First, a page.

1 Honoring SLAs on cloud computing services: a control perspective Christos A. Yfoulis and Anastasios Gounaris Abstract This work contains a short survey of recent results in the literature with a view to opening up new research directions for the problem of honoring SLAs on cloud computing services. This is a new problem that has attracted significant interest recently, due to the urgent need for providers to provide reliable, customized and QoS guaranteed computing dynamic environments for end-users as agreed in contracts on the basis of certain Service Level Agreements (SLAs). Honoring SLAs is a multi-faceted problem that may involve optimal use of the available resources, optimization of the system s performance and availability or maximization of the provider s revenue and it poses a significant challenge for researchers and system administrators due to the volatile, huge and unpredictable Web environments where these computing systems reside. The use of algorithms possessing run-time adaptation features, such as dynamic resource allocation, admission control and optimization becomes an absolute must. As a continuation of the recent successful application of control theory concepts and methods to the computing systems area, our survey indicates that the problem of honoring SLAs on cloud computing services is a new interesting application for control theory and that researchers can benefit significantly from a number of well-known modern control methodologies, such as hybrid, supervisory, hierarchical and model predictive control. I. INTRODUCTION Cloud computing is emerging as a new computing paradigm and is being driven by many well known IT providers (Amazon, Google and Yahoo!) and vendors (HP, IBM, Intel and Microsoft). Although we still lack a widely accepted definition for cloud computing, it is an Internetbased ( cloud ) development and use of computer technology ( computing ) that promises to offer flexible dynamic IT infrastructures, QoS guaranteed computing environments and configurable software services . Cloud computing builds on top of several other technologies, i.e. distributed computing, grid computing, utility computing and autonomic computing, and it can be envisaged as a natural step forward from the grid-utility model. In the heart of cloud computing infrastructure we find a group of reliable services delivered through powerful data computing centers that are based on modern virtualization technologies and related concepts such as component-based system engineering, orchestration of different services through workflows and service-oriented architectures (SOAs) . The Cloud constitutes a single point of access for all services which are available anywhere in the world, on the basis of commercial contracts that guarantee satisfaction of the QoS requirements Christos A. Yfoulis is with the Automation Department, ATEI of Thessaloniki, Thessaloniki, Greece. Anastasios Gounaris is with the Computer Science Department, Aristotle University of Thessaloniki, Thessaloniki, Greece. of customers according to specific service level agreements (SLAs). The purpose of using SLAs is to define a formal basis for performance and availability the provider guarantees to deliver. SLA contracts record the level of service, specified by several attributes such as availability, serviceability, performance, operation, billing or even penalties in the case of violation of the SLA. Also, a number of performance-related metrics are frequently used by Internet Service Providers (ISPs), such as service response time, data transfer rate, round-trip time, packet loss ratio and delay variance. Often, providers and customers negotiate utility-based SLAs that determine the cost and penalties based on the achieved performance level. A resource allocation management scheme is usually employed with a view to maximizing overall profit (utility) which includes the revenues and penalties incurred when QoS guarantees are satisfied or violated, respectively. Usually, step-wise utility functions are used where the revenue depends on the QoS levels in a discrete fashion, as shown in Figure 1. Finally, a concept central to the development of cloud computing which constitutes an integrated view of service-based activities is provided by the idea of a workflow, which represents a series of structured activities and computations that arise in IT services, and has been often represented by a directed graph connecting both loosely and tightly coupled processing components. The contributions of this work are summarized as follows: (i) it introduces a representative problem in accordance with the modern commercial cloud computing paradigm; (ii) it contains a short review of relevant works in the literature, with a special attention to techniques based on control theory; (iii) it investigates the possibility of designing efficient control systems based on advanced control methodologies for solving the problem in question. The remainder of this article is structured as follows. Section II describes the main problem formally. The presentation of a number of control theory-based approaches in the literature that are related to our problem takes place in Section III, whereas in Section IV some promising advanced control methodologies are proposed. Section V concludes the article. II. PROBLEM DESCRIPTION In this section we begin with the formulation of a representative problem on cloud computing as the reference point for our discussion.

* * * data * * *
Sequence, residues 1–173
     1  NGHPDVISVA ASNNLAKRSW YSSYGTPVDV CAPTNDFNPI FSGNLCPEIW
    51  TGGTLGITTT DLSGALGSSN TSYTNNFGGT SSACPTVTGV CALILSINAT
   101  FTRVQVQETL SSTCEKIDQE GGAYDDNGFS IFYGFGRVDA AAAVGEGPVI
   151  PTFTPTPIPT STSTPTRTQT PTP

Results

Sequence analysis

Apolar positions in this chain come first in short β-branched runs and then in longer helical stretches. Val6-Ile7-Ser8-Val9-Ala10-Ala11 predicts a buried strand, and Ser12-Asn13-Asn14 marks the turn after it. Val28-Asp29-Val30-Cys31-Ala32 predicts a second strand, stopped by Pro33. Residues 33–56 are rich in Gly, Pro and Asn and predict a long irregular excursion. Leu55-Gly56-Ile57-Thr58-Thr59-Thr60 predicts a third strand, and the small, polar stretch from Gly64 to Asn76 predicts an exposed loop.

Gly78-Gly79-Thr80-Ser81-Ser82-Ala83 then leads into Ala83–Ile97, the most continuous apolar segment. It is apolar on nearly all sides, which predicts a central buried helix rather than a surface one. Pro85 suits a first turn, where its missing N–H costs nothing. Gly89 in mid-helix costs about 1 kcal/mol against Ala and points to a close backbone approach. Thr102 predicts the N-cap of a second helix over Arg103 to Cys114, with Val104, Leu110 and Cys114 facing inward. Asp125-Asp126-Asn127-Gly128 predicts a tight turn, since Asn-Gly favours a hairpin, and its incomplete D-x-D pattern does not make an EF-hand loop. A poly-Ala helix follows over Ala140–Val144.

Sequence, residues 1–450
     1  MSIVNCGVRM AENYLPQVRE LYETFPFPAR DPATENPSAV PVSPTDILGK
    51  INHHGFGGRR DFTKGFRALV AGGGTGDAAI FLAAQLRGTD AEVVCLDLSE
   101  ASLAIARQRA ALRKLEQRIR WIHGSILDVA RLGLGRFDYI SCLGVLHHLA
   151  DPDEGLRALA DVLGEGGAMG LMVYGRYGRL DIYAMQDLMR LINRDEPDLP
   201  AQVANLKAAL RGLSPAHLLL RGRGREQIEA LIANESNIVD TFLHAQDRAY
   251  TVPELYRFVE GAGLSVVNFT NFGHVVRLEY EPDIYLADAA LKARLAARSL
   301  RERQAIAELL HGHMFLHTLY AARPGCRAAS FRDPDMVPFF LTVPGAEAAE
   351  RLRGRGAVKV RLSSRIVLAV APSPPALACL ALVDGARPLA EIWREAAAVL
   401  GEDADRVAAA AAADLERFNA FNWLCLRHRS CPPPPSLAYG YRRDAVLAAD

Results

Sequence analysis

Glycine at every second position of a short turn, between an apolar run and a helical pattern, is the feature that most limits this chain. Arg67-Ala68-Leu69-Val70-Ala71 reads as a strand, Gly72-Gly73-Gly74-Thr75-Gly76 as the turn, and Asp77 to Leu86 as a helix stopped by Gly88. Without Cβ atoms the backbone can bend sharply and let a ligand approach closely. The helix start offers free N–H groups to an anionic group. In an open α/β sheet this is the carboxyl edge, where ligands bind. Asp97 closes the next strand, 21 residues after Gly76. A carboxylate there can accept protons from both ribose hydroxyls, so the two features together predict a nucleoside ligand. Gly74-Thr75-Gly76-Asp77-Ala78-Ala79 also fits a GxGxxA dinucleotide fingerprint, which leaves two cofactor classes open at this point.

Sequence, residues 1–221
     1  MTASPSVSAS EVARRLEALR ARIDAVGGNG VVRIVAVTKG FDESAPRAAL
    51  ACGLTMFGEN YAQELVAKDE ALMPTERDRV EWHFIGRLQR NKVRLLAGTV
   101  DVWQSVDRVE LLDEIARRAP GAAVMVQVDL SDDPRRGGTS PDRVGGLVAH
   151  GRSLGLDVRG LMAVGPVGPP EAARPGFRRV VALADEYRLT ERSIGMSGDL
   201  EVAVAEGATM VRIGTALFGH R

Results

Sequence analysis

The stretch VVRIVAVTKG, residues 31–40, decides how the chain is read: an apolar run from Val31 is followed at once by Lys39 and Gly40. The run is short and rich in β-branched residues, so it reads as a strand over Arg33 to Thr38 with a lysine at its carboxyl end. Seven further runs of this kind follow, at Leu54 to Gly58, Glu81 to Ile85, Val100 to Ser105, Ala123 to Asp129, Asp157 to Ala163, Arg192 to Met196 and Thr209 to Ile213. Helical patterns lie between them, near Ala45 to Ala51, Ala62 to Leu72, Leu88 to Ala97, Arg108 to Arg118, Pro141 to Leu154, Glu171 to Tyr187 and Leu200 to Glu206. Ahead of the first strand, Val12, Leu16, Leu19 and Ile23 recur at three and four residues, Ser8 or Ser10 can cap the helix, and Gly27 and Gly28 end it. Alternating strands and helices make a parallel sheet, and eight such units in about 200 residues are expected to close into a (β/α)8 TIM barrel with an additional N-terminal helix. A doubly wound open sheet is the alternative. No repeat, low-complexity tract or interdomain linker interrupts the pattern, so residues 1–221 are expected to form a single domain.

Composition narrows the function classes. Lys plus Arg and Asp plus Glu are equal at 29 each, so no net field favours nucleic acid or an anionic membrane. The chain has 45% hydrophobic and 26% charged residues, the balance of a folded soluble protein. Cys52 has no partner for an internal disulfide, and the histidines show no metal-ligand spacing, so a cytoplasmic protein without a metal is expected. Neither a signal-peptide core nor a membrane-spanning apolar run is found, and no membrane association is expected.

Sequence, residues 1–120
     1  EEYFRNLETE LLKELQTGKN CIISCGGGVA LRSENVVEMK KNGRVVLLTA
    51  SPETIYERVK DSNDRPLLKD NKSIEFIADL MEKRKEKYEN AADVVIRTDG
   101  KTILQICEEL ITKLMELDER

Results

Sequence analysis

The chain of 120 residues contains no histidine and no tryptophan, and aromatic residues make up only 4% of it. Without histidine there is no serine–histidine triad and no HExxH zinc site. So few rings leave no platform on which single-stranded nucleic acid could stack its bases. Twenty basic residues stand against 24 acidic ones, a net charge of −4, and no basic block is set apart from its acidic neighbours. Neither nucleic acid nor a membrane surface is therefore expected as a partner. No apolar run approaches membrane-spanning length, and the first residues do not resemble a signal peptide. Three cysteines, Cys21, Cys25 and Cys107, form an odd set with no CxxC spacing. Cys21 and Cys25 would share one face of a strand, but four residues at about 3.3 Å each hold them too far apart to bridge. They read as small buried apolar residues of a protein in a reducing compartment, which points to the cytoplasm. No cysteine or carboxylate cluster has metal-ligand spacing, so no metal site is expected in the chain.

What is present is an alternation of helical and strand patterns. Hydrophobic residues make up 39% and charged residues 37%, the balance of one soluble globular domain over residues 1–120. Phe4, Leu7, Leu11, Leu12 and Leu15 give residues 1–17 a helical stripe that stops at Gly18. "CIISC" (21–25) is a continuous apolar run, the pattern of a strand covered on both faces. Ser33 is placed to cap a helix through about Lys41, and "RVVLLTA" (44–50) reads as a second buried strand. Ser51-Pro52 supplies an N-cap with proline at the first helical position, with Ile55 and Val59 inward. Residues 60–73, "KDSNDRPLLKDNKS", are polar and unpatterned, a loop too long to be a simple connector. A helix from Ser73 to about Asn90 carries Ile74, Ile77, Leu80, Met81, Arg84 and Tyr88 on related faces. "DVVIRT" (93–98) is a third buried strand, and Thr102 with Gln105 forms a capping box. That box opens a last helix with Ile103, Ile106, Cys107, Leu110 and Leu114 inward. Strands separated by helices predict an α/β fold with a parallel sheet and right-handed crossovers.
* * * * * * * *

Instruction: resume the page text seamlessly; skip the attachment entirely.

2 Problem 1 Let us assume that a service owner provides (1) a cluster of M machines and (2) a set of services, which can be combined together to form a workflow. Each service has multiple instantiations, each with different QoS characteristics. Multiple users share this infrastructure, and they can submit workloads consisting of multiple workflow requests under the condition that the owner has accepted the SLA agreement that the users have proposed. The SLAs are in the form of Figure 1. The work focuses on two aspects: performing admission control, i.e., decide which SLAs should be accepted; maximizing the owner s profit. Profits are generated when SLA agreements are honored, i.e., when workload execution completes on time; otherwise, penalties are incurred. Fig. 1. Example SLA referring to a workflow request that can be implemented in two ways, each having a different level of QoS and yielding different profits if completed on time. To achieve the latter, (1) the number of machines allocated to each workload and (2) the implementation of each service are continuously adapted at runtime. Further assumptions are as follows: at least one machine is allocated to each workload whose SLA has been accepted; the execution time of each service implementation follows a known distribution; the workload arrival rate follows a known distribution; service execution is non- pre-emptive; however workload execution is pre-emptive (i.e, the number of machines allocated to a single workload can vary at runtime). Note that there are many ways by which this formulation may be modified or extended, e.g. to the case of virtualized resources or multi-tier architectures, or when different SLA criteria and/or tuning parameters apply. There are many papers in the literature where constrained optimization problems are solved with a view to maximizing the revenue of the host provider using a network flow model, based upon queueing theory formulas, e.g. , , , . These works do not utilize any control theory concepts and provide techniques for the solution of similar but less complicated problems compared to Problem 1. Research efforts to find a solution to Problem 1 could use similar models, assumptions and ideas as a starting point. In the next section we focus on control theoretical techniques proposed in the literature that are related to Problem 1. III. APPROACHES EMPLOYING CONTROL THEORETICAL A. Introduction SOLUTIONS There are many different types of control solutions in the literature for related problems that could be useful in our context. The distinct characteristics of each one of them could be attributed to a couple of issues, stated below. 1) Control objectives: The control objective may be a) regulation of QoS metrics of interest e.g. response time (delay) or CPU utilization to desired known reference values predefined by the user or the administrator, b) optimization of QoS metrics to unknown optimal or sub-optimal values or c) disturbance rejection due to the presence of unpredictable workload changes, which is the case in any computing system. Of course, in many cases a combination of the previous objectives may be needed, and in fact we believe that a well-founded solution to a computing problem that is also optimal, reliable and of practical merit has to incorporate all three objectives, as well as deal with the presence of hard constraints such as physical resources bounds or soft constraints such as response time deadlines, specified e.g. in SLAs. 2) Metrics and Adaptation mechanisms: There are several output metrics employed in QoS control design for a variety of computer systems and software. These include system-level metrics, such as CPU and memory utilization, cache hit ratio, server queue length etc., application-level metrics such as response time and throughput, or businesslevel metrics such as profits in SLAs. However, in a general setting, enforcing SLAs may be equivalent to minimizing a certain objective function, which may involve several different QoS metrics, such as response time, utilization, maintenance cost, revenue etc. or a userdefined weighted sum of some of them, which corresponds to a trade-off among conflicting goals. There are three main adaptation mechanisms : a) admission control, i.e. to reject some customer requests in order to avoid overload or recover from overload conditions that seriously affect the performance of customers already connected, b) resource reallocations, i.e. a mechanism for dynamic resource allocations reflecting the dynamic conditions experienced in the presence of time-varying and unpredictable workloads, and c) real-time scheduling of tasks. We could also consider additionally load balancing and content adaptation. It is obvious that there may be frameworks that could include combinations of some or all of these mechanisms, and an important issue then is how these strategies can be synchronized and work in a coordinated manner without conflicts between them. In other cases some of the mechanisms e.g. load balancing or real-time scheduling may already exist in a certain implementation (and even cause time-varying traffic) and the goal may be to design